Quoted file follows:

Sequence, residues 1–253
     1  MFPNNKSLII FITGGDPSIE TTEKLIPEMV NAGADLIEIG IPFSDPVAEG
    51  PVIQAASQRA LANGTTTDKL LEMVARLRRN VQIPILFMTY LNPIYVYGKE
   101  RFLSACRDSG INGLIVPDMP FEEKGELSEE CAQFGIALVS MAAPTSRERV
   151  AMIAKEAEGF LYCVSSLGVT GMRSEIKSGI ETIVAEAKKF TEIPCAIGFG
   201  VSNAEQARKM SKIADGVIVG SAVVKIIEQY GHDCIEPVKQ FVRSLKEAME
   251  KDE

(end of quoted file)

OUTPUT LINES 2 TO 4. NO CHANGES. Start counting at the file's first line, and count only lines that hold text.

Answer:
     1  MFPNNKSLII FITGGDPSIE TTEKLIPEMV NAGADLIEIG IPFSDPVAEG
    51  PVIQAASQRA LANGTTTDKL LEMVARLRRN VQIPILFMTY LNPIYVYGKE
   101  RFLSACRDSG INGLIVPDMP FEEKGELSEE CAQFGIALVS MAAPTSRERV